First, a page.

hearsay rule
hearsay rule n: a rule barring the admission of hearsay as evidence
◇ The hearsay rule is stated in Rule 802 of the Federal Rules of Evidence. Hearsay is inadmissible as evidence because of the unavailability of cross-examination to test the accuracy of the statement. There are numerous exceptions to the rule, however, mainly for statements made under circumstances that assure reliability. Statements made spontaneously, for example, or as part of a business or medical record are inherently trustworthy and thus excepted from the rule. A statement need not be made orally for purposes of the hearsay rule. Written statements, gestures, and even motion pictures are included.

Merriam-Webster’s Dictionary of Law. . 1996.

hearsay rule
A rule of evidence that prohibits the use of out-of-court statements that are offered as proof of the subject of the statement. These statements are not admitted as evidence because person who made the statement isn't in court for the other party to cross-examine. For example, if Cathy, an eyewitness to an accident, later tells Betsy that the pickup ran the light, Betsy would not be allowed to recount Cathy's remarks. Out-of-court statements that aren't offered to prove the truth of the statement are admissible, however. Suppose Tom is called to testify, "On January 1, Bob said the Steelers stink." If the party calling Tom wants to prove that Bob was alive on January 1, Tom's testimony would be admitted, because the other side could question Tom about whether the conversation really took place on that date. Whether the Steelers are a poor team is beside the point. Even statements that are hearsay may be admitted if they fall within one of the many exceptions to the rule. In general, hearsay will be admitted if the circumstances of the statement indicate a high probability that the statement is true. For example, a statement uttered spontaneously and under duress — such as a victim's remarks immediately following an accident — could be admitted because the judge might find that the person had little time to plan to say anything other than the truth.
Category: Small Claims Court & Lawsuits

Nolo’s Plain-English Law Dictionary. . 2009.

hearsay rule
n.
   the basic rule that testimony or documents which quote persons not in court are not admissible. Because the person who supposedly knew the facts is not in court to state his/her exact words, the trier of fact cannot judge the demeanor and credibility of the alleged first-hand witness, and the other party's lawyer cannot cross-examine (ask questions of) him or her. However, as significant as the hearsay rule itself are the exceptions to the rule which allow hearsay testimony such as: a) a statement by the opposing party in the lawsuit which is inconsistent with what he/she has said in court (called an "admission against interest"); b) business entries made in the regular course of business, when a qualified witness can identify the records and tell how they were kept; c) official government records which can be shown to be properly kept; d) a writing about an event made close to the time it occurred, which may be used during trial to refresh a witness's memory about the event; e) a "learned treatise" which means historical works, scientific books, published art works, maps and charts; f) judgments in other cases; g) a spontaneous excited or startled utterance ("oh, God, the bus hit the little girl"); h) contemporaneous statement which explains the meaning of conduct if the conduct was ambiguous; i) a statement which explains a person's state of mind at the time of an event; j) a statement which explains a person's future intentions ("I plan to:.") if that person's state of mind is in question; k) prior testimony, such as in deposition (taken under oath outside of court), or at a hearing, if the witness is not available (including being dead); l) a declaration by the opposing party in the lawsuit which was contrary to his/her best interest if the party is not available at trial (this differs from an admission against interest, which is admissible in trial if it differs from testimony at trial); m) a dying declaration by a person believing he/she is dying; n) a statement made about one's mental set, feeling, pain or health, if the person is not available-most often applied if the declarant is dead ("my back hurts horribly," and then dies); o) a statement about one's own will when the person is not available; p) other exceptions based on a judge's discretion that the hearsay testimony in the circumstances must be reliable.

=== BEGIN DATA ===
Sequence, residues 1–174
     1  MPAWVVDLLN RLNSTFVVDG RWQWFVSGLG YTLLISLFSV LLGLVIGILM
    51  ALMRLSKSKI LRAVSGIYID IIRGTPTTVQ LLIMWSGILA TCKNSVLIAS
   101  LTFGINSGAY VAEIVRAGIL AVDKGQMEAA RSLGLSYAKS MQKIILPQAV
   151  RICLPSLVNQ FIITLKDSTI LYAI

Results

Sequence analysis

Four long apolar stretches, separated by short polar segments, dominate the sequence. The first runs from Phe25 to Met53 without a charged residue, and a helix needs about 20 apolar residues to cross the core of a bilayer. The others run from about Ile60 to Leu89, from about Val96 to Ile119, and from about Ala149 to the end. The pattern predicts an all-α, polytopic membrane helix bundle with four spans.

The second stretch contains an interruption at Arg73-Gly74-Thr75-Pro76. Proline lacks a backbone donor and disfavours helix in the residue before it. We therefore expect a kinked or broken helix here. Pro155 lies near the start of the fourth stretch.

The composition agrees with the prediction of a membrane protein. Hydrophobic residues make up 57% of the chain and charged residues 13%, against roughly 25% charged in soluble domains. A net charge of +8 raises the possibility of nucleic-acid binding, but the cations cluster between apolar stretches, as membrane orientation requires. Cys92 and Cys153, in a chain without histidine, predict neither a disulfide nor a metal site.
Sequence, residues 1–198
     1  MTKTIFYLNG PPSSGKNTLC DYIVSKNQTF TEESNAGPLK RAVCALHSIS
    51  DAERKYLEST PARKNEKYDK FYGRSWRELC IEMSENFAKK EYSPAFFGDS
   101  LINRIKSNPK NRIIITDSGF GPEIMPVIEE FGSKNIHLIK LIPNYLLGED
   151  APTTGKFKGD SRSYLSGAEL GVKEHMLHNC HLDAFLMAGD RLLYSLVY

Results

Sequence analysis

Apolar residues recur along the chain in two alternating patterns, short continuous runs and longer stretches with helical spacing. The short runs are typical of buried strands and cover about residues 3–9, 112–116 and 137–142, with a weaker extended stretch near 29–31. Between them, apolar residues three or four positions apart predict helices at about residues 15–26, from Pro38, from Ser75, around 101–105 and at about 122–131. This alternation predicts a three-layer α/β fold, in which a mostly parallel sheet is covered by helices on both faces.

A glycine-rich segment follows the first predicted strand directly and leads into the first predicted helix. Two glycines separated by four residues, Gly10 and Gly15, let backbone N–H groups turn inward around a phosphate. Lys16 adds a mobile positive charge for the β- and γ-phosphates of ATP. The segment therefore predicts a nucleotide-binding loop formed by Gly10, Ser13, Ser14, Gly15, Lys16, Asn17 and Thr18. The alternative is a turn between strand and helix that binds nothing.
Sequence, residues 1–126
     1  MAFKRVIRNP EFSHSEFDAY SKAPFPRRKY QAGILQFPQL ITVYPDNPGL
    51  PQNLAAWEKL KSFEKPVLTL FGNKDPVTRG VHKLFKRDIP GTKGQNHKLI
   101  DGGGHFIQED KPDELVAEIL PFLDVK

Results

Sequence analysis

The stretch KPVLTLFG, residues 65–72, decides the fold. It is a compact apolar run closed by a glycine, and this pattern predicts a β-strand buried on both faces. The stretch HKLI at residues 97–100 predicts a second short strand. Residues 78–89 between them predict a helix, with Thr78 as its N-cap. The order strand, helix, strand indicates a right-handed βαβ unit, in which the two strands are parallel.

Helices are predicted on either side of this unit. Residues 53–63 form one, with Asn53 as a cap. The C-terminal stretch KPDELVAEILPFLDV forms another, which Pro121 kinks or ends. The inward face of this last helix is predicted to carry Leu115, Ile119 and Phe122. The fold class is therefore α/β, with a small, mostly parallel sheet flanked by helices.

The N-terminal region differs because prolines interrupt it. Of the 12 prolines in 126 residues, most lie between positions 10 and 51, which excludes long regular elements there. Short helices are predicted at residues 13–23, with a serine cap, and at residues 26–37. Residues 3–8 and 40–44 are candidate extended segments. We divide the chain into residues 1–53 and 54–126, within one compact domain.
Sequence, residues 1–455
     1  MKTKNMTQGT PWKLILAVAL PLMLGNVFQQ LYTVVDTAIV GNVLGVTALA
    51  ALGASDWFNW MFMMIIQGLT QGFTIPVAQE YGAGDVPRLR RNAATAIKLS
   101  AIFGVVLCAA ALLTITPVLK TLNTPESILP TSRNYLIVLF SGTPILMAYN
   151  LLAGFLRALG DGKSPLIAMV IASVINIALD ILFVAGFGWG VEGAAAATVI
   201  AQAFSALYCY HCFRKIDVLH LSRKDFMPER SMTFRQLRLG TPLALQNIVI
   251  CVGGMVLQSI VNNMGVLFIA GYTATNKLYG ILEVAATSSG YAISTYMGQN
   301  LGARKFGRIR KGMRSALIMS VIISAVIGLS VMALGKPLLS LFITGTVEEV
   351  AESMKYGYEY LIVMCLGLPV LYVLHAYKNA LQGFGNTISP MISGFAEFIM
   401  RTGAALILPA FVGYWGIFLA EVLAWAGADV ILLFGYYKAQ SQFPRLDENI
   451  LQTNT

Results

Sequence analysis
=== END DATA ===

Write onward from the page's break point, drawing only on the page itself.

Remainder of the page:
Law dictionary. . 2013.

Look at other dictionaries:

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  • exception to hearsay rule — Hearsay evidence taken out of the general rule against the admissibility of hearsay in the interest of justice, and in accord with sound policy, so as to be admissible notwithstanding the rule, for example, a dying declaration, a declaration… …   Ballentine's law dictionary

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  • hearsay — A term applied to that species of testimony given by a witness who relates, not what he knows personally, but what others have told him, or what he has heard said by others. A statement, other than one made by the declarant while testifying at… …   Black's law dictionary

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